Consumer goods companies, such as Kraft Foods, and real estate developers are also cashing in on the trend, though experts said simply having a proposition made for and by Latinos doesn't guarantee growth. Marketing to the group, experts have found, takes extra attention—and sometimes outside strategists—to help brands communicate effectively with the culture.
"It's not as easy as translating English to Spanish. The message has to be culturally relevant," said Bill Sussman, chief executive officer of Collective Bias, which publishes user-generated content for brands' advertising campaigns.
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Sussman said his firm has found success in marketing to U.S. Latinos on campaigns for Tyson Foods, Walgreen and Kraft Foods, among others, because the message from its network of social bloggers taps into the group's heritage and culture. It uses unique and organic content that Sussman said speaks directly to the needs and traditions of the targeted group, starting with food and family.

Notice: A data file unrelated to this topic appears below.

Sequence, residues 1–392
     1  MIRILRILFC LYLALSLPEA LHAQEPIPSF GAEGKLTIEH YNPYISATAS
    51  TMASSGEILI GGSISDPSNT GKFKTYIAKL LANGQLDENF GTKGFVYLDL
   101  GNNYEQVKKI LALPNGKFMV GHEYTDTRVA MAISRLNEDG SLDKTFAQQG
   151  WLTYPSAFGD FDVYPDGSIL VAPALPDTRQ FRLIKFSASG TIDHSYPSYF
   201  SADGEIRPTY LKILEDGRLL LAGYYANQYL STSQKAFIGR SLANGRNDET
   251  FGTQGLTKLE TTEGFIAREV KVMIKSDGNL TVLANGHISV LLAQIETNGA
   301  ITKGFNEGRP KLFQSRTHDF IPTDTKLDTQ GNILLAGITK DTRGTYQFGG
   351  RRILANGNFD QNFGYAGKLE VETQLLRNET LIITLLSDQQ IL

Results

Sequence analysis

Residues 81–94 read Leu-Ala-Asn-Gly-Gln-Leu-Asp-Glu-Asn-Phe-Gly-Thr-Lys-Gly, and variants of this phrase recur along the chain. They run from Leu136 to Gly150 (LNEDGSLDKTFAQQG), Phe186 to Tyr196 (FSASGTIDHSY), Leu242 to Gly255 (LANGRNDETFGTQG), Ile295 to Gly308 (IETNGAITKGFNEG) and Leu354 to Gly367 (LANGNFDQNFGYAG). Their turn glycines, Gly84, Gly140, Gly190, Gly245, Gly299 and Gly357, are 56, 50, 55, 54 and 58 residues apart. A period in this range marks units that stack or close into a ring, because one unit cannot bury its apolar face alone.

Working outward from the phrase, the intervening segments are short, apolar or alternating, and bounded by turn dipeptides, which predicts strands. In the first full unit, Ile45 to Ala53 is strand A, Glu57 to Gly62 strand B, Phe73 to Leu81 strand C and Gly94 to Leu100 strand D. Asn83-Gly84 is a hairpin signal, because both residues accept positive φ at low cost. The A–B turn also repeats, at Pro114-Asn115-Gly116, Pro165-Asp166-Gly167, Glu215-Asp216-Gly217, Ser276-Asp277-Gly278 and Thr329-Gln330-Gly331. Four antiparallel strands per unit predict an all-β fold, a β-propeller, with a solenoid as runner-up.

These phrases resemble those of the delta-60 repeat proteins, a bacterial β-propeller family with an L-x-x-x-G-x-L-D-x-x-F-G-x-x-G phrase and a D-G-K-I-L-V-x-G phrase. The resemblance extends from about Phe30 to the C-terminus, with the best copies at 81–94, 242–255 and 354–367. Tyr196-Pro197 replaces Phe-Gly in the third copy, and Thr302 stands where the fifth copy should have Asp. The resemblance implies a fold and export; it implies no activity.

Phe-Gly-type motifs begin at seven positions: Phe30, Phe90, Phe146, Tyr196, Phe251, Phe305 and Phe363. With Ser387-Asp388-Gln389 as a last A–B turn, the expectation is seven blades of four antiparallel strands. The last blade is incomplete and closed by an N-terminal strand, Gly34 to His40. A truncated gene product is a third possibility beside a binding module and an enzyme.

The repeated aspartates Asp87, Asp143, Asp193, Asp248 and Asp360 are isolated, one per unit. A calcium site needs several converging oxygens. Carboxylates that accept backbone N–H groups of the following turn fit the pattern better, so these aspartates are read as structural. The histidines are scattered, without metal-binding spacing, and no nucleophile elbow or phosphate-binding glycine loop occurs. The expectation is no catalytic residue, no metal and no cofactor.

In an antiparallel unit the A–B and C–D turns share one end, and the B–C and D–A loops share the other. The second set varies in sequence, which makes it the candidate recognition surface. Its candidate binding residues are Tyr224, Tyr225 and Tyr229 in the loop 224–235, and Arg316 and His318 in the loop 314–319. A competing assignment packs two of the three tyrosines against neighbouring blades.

A recent campaign for Kraft macaroni and cheese around the World Cup soccer games, for example, focused on making the meal your own by adding traditional ingredients to the food, such as chorizo.
"Retailers need to be more targeted and more innovative in the messages they're sending to particular targets. It can't just be a TV spot for the general market or an in-store circular to drive traffic. Those channels aren't nearly as effective," Sussman said. "Through digital and social media we have the ability now to be more targeted and segmented in the messages we use."